Interview | Toro Y Moi

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California based artist, Chaz Bundick’s moniker Toro Y Moi is multi-faceted, constantly evolving and breaking new ground with each release. A pioneer of chillwave from the late-noughties, Toro Y Moi has since transitioned effortlessly between dance, instrumental hip-hop and psych rock, drawing upon an array of left-field influences. Coming from a punk and indie rock background, Chaz Bundick is one of the most prolific artists around, with seven releases as Toro Y Moi, alongside side-projects Les Sins and Chaz Bundick Meets the Mattsons 2.

A creative in the truest sense of the word, Bundick’s creative output extends to visual art and graphic design, which he has shared through producing his own album covers and merch. As if it wasn’t enough for one plate, he also runs record label, Company Records, an imprint of Carpark Records, where he wears the many hats of producer, curator, and A&R. 2016 saw Toro Y Moi tackle the ambitious feat of creating a concert film in the middle of Trona in the Mojave desert in California – in one day.

We managed to grab 10 minutes with Chaz before he heads back to Australia in a few months time to chat about filming Live in Trona, his multiple creative projects and the appeal of timelessness.

You really are one of the most prolific artists around, with Toro Y Moi and your side projects but also in visual art, graphic design and as a producer. Has that always been the case or have you found these different outputs and interests along the way?
I feel like being creative is a great outlet for how you feel and it helps you change and let go of things. I don’t really write in a journal, you know. I feel like making music is kind of my favourite of all creative types, I think it’s something I’m just always going to be doing. If I’m just screwing around making ambient music or sitting down to write Toro songs, it’s just something I want to keep doing.

Toro Y Moi: Live From Trona from Primary Colors on Vimeo.

The visual aspects of your output are always so cohesive and distinct, what kinds of places do you draw inspiration from in terms of aesthetic?
I guess I’m drawn to things that are simple in design as far as everything goes from clothing to dishes to cars. I tend to go towards design that is a little bit more timeless, you can’t tell exactly what era it’s from because as a material, it’s always contemporary.

You worked with Harry Israelson on Live From Trona, what was it like working on such a huge project together and how did it all come about initially?
Yeah that was cool, it was such a crazy experience at the same time. Pretty much, we set out to do that and kind of just did it. It was a year long logistical thing and I can’t believe everything just kind of worked out. It was an experience that I’ll definitely always remember because it was the most bizarre thing to do. To see it out now is even more surreal.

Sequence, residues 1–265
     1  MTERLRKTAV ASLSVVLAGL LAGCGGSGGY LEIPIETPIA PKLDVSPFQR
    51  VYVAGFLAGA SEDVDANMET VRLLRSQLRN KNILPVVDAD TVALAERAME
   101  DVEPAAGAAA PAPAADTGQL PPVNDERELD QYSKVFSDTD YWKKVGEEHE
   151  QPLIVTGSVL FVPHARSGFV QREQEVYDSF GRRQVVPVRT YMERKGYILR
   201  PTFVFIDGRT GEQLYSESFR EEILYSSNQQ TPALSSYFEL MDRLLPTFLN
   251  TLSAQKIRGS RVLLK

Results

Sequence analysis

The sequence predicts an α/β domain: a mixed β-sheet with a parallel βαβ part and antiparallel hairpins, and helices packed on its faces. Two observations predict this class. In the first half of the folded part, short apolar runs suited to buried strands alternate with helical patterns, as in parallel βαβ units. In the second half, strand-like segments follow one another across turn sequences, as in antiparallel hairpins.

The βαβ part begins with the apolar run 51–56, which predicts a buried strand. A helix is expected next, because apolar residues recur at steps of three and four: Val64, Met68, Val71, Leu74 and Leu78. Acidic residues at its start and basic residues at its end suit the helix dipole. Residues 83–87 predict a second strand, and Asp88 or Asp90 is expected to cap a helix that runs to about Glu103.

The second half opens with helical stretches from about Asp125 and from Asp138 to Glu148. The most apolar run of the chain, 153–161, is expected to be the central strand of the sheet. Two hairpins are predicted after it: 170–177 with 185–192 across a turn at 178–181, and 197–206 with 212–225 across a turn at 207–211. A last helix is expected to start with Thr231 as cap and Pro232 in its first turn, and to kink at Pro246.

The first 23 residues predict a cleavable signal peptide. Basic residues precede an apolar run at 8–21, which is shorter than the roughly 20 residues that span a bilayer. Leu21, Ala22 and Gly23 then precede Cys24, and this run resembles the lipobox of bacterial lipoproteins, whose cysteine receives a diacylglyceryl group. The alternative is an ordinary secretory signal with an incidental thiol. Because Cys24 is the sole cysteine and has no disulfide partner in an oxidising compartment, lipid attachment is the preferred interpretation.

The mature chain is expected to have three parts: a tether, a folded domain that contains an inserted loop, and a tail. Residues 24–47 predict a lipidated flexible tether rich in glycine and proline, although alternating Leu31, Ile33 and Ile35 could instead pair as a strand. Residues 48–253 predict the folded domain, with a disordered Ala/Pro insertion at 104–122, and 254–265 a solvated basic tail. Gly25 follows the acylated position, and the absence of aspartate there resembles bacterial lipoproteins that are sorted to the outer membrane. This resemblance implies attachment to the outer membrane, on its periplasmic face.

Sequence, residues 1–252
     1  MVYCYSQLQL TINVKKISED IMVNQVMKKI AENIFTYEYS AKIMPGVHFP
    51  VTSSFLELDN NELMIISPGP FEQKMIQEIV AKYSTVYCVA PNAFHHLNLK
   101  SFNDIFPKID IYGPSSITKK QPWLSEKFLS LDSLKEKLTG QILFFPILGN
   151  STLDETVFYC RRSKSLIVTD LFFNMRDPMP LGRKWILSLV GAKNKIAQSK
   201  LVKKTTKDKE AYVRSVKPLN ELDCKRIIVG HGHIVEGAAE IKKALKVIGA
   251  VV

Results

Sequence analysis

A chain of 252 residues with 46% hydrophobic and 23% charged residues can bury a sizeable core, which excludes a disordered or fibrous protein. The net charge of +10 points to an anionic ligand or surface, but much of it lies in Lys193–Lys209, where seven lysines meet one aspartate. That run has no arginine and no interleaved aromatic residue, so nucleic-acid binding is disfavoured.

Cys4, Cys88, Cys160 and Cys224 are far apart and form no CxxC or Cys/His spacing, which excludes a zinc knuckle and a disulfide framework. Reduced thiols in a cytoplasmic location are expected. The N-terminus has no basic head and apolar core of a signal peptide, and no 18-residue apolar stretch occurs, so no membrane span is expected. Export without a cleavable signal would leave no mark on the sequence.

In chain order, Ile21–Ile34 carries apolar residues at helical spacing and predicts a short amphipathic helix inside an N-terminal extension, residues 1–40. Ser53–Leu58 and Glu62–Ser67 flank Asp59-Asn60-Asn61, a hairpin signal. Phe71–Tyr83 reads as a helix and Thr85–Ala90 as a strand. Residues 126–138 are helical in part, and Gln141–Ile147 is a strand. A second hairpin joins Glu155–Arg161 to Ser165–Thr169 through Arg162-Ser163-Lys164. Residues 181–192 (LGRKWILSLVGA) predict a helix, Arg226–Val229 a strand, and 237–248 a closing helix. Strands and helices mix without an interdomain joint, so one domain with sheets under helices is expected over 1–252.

It was all shot in one day right? What was the whole experience of that day like?
Yeah, it was pretty much like being on the moon, or mars. It was seriously just us in the middle of the Mojave desert. You had to drive ten miles down a dirt road to get to it. The dirt road is on a flat desert plain, it’s not even over some mountains or anything. You just drive straight off the road for ten miles. It was so weird.

Why were you drawn Trona for the location?
Just because it was a nature spot in California. California is a very symbolic thing for the American free thinking approach to things. We wanted to do something in California because of the close connection to psychedelic rock in America. It would resonate with the right people to be the audience that the film was trying for. It’s very Americana, that’s why we picked that location.

As someone who is constantly creating, and with multiple musical projects like Les Sins and with Mattsons 2, do you separate these different projects in your mind when it comes to writing?
Everything sort of splits up afterwards. If I end up singing on it, I’ll try and make it even more Toro or something. If I end up not singing on it or it’s becoming less poppy, I’ll push it in a more Les Sins direction. It’s kind of this fluid thing. I never start a fresh song and think, “I’m going to make a dance track for Toro”. I just see what happens really.

You recently announced you’re heading back to Australia in a few months time for a five date tour – you’ve kind of expanded your live band over the last few years, what’s your live set up looking like for these shows?
This will be like the Trona set up, it’s going to be a six-piece.

With such a large back catalogue of music to draw from, how do you go about planning a set for a tour like this, especially with multiple festival shows?
We kind of just tend to pick the songs that excite us the most at the time.

You’ve been to Australia a couple times now, there anything you’re keen to see or do this time around?
It’d be fun to see some more music out there, maybe go to some shows on my day off or something. That or maybe some nature stuff, I’ve never really had the chance to do that.

Toro Y Moi Australian tour dates below. 


PERTH: Sunday March 5 @ Perth Festival, Chevron Festival Gardens. Tickets on sale now.

SYDNEY: Mar 09 Oxford Art Factory
Fri, 10 March – The Zoo
NSW: Saturday March 11 @ Pitch Festival.
Melbourne: Sunday March 12 @ Pitch Festival.